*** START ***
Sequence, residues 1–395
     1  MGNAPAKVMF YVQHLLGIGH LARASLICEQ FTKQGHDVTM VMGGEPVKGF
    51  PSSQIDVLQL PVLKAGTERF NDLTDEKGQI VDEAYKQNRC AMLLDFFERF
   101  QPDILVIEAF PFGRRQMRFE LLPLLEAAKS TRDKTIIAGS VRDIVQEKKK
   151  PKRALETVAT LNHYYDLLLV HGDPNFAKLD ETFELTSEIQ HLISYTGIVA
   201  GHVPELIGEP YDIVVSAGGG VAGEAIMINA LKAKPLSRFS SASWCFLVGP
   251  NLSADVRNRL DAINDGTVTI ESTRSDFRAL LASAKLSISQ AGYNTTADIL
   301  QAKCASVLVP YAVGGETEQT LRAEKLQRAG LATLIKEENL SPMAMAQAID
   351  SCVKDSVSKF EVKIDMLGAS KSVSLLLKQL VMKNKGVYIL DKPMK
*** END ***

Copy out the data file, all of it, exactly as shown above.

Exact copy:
Sequence, residues 1–395
     1  MGNAPAKVMF YVQHLLGIGH LARASLICEQ FTKQGHDVTM VMGGEPVKGF
    51  PSSQIDVLQL PVLKAGTERF NDLTDEKGQI VDEAYKQNRC AMLLDFFERF
   101  QPDILVIEAF PFGRRQMRFE LLPLLEAAKS TRDKTIIAGS VRDIVQEKKK
   151  PKRALETVAT LNHYYDLLLV HGDPNFAKLD ETFELTSEIQ HLISYTGIVA
   201  GHVPELIGEP YDIVVSAGGG VAGEAIMINA LKAKPLSRFS SASWCFLVGP
   251  NLSADVRNRL DAINDGTVTI ESTRSDFRAL LASAKLSISQ AGYNTTADIL
   301  QAKCASVLVP YAVGGETEQT LRAEKLQRAG LATLIKEENL SPMAMAQAID
   351  SCVKDSVSKF EVKIDMLGAS KSVSLLLKQL VMKNKGVYIL DKPMK